Walking and Heat Generation - The Paradox

Wood Lily, Sleeping Bear Dunes National Lakeshore

It is a common observation that one becomes hot when climbing a mountain but less so when descending it. How can this be consistent with the energy balance?

When hiking uphill the heat generated does NOT include the elevation gain:

Heat generated = metabolic work rate - rate of external work by muscles or equivalently

Heat generated = metabolic work rate - rate of potential energy gain
                          = metabolic work rate - mass * gravity * climbing rate

In descending, the muscles mainly work by absorbing the potential energy of the body and pack and converting it into heat (negative work). This can be expressed as:

Heat = metabolic work rate + rate of potential energy loss
         = metabolic work rate + mass * gravity * descending rate

Given that the potential energy change (force times distance) is the same going up and down and that this is subtracted from the heat generation going up and added going down - one should become warmer when going down relative to going up, like the brakes on your car. This is just the opposite of everyday experience creating an interesting paradox (at least if one is a nerdy engineer who thinks about such things).

Johnson et al., 2002 measured energy efficiency and heat generation when walking up and down hill at a constant velocity.

Eight subjects wearing insulating clothing walked on a treadmill at three uphill and three downhill grades,and at level grade at a rate of 1.1 m/s. Oxygen consumption was calculated from steady state measurements of respiratory volume and oxygen percentage. Efficiency is dependent upon the slope or grade. The efficiency is zero at zero grade because no net work is being performed (i.e., the weight of body, clothes, and pack do not change elevation).

The body performs negative work going down hill (i.e., braking) at about twice the efficiency of uphill work and that explains why going uphill generates more heat. Steeper grades are negotiated more efficiently (at least in terms of oxygen use and metabolism) than gentle grades.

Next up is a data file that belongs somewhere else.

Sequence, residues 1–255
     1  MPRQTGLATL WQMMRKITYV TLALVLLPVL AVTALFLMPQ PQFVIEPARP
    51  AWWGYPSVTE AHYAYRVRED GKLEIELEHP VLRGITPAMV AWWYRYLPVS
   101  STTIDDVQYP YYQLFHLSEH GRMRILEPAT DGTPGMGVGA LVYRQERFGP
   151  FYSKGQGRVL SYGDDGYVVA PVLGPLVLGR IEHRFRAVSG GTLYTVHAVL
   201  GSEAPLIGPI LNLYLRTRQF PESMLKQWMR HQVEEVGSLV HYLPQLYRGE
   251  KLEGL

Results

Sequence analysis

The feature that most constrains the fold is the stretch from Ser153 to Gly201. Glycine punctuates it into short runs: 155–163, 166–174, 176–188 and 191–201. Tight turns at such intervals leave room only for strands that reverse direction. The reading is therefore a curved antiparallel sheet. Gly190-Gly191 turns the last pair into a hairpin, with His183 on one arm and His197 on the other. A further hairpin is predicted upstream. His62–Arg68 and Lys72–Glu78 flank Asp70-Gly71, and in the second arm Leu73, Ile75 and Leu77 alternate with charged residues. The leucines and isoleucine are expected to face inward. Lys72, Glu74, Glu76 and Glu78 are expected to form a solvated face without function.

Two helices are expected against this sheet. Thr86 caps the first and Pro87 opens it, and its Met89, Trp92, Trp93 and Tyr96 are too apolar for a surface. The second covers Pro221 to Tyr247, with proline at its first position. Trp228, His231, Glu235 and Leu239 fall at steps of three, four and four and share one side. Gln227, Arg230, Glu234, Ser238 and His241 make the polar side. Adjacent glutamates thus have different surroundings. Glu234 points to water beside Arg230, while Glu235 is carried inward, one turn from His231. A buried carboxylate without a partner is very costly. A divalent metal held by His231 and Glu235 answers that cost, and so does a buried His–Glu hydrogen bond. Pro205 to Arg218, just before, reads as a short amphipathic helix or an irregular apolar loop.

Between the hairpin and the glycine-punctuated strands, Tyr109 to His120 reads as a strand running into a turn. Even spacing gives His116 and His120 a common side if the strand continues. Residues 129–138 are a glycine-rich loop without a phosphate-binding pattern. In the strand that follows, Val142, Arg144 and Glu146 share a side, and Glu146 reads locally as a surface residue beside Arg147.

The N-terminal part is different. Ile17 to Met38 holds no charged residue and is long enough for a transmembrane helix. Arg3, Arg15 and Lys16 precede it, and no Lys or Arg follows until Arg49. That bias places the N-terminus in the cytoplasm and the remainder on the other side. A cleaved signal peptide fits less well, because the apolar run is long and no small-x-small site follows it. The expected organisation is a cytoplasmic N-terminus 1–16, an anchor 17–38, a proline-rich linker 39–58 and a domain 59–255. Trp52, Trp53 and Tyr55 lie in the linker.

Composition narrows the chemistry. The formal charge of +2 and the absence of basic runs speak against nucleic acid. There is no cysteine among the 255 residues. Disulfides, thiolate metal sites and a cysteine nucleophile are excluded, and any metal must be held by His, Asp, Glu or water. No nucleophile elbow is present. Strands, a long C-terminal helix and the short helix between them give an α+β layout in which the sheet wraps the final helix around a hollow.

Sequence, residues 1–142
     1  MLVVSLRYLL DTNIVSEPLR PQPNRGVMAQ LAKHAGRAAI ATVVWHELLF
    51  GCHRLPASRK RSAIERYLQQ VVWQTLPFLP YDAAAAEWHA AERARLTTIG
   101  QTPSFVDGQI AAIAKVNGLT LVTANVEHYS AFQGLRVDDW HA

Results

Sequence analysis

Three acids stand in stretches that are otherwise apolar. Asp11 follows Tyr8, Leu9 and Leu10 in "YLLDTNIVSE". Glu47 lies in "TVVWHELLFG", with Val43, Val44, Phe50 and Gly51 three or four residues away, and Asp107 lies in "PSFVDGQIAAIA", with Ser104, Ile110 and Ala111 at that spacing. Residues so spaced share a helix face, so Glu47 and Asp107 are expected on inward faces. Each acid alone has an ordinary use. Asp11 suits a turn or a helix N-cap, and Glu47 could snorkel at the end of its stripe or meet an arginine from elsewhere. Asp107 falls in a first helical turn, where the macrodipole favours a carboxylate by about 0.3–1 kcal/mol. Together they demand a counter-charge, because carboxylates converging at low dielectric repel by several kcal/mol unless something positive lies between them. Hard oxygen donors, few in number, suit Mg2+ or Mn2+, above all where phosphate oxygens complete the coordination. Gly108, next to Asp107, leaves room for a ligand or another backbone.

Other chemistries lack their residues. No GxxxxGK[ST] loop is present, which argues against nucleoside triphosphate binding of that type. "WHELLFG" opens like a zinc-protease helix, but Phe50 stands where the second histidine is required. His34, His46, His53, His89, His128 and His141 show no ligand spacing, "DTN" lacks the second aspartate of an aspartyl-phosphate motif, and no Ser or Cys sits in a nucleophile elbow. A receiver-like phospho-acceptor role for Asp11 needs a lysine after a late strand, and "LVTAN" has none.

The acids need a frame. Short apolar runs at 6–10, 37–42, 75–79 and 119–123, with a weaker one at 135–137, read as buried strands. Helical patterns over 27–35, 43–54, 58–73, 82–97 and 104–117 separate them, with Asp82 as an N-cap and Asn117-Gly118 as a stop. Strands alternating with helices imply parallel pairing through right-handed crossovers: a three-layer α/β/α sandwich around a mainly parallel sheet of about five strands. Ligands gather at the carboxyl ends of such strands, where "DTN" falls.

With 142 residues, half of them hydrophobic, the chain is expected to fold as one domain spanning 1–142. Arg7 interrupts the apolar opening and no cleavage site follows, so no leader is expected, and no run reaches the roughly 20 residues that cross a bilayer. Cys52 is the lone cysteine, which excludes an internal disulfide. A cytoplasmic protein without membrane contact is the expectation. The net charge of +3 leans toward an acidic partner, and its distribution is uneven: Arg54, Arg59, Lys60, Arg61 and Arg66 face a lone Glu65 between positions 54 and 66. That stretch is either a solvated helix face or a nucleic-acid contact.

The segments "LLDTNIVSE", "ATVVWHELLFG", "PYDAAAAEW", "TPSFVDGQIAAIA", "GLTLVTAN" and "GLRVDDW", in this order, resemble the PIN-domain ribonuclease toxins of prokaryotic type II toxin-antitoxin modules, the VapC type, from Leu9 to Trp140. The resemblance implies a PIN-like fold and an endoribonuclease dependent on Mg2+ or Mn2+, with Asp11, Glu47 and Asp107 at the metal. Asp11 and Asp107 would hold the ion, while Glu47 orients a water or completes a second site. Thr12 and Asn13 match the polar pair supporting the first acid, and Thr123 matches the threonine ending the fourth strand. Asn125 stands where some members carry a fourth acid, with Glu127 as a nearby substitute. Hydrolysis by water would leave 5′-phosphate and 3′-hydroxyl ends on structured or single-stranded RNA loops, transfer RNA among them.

The overall results from Johnson et al., 2002 are plotted below for amount of heat generation and oxygen consumption. Oxygen consumption should be proportional to the amount of muscular effort whereas heat generation includes the muscular effort as well as the heat from "braking" when going downhill. That is why the oxygen and heat curves follow each other going uphill but diverge going downhill. In both cases the results are normalized using(divided by) the value for walking on flat ground.

 


 

The results are consistent with everyday experience. Walking downhill on a very gentle grade of 5% or less is very easy (low oxygen consumption) and allows one to cool off. Steep downhill walking requires somewhat less effort than steep uphill walking (i.e., one does not get so out of breath), but is 2/3 as warm as walking uphill and does require significant physical effort.

In terms of oxygen consumption, the most efficient walking is at a grade of -5 to -15%, gentle downhill. At the same grade or slope, about half as much oxygen is used going down as going up, even though the same amount of work is being done by the body. About 2/3 as much heat is generated when walking downhill relative to the same grade going uphill. In my experience the oxygen curve is consistent with how tired one becomes when walking at the different slopes. May all hikes be on gentle downhill grades (except after the holidays when I need to lose weight).

References:
Johnson, Arthur T., M. Benhur Benjamin, Nischom Silverman, Oxygen consumption, heat production, and muscular efficiency during uphill and downhill walking, Applied Ergonomics 33 (2002)485 –491.